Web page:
As a result, we anticipate substantial revisions to the iBooks for next fall to simplify the verbiage, to incorporate improved guidance as to the overall goals for each iBook and of each iBook within the overall course, and to incorporate more of the useful, web-based resources (e.g., Khan Academy offerings).
Human Anatomy and Embryology (Yr1) – Virginia Lyons, Ph.D.
Creating an iBook is not difficult, and you do not have to start from scratch as your existing notes and PowerPoint slides can easily be imported. The training videos on Lynda.dartmouth.edu provide everything you need to get started with iBooks Author.
I think what I like best about presenting our course materials in this format is the ability to make the material interactive. In other words, as students are reading the content you can insert questions along the way or diagrams for them to label so they are not just passively reading. The students really love having all the material in one place, and especially seem to like review questions at the end of the chapters. A typical comment from our course evaluation reads:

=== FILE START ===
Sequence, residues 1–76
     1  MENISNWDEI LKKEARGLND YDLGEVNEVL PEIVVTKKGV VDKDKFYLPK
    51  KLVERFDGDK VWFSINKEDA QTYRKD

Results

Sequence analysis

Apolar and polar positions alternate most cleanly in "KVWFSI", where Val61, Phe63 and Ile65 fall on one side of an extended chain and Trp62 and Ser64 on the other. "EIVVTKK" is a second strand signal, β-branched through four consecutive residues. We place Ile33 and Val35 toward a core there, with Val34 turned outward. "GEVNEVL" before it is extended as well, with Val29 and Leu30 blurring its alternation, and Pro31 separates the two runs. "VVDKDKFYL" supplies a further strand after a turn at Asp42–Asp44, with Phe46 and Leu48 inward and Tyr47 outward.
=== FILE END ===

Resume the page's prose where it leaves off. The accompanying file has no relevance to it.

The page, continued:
“The presentation of material in iBook format was extremely helpful. I really liked the scrollable galleries and the end-of-chapter review questions.”
If you plan to incorporate iBooks into your course be forewarned: once you provide some of your content in iBook format, the students will want all of your content in this format. Creating iBooks takes time and we were fortunate to have the assistance of Aaron Steen, a medical student who had recently completed our course. However, once you create your books, it would be naïve to assume that you are done; iBooks offer so much potential for creativity in content delivery, you will find yourself spending your evenings tweaking your iBooks…but you won’t mind because it is fun!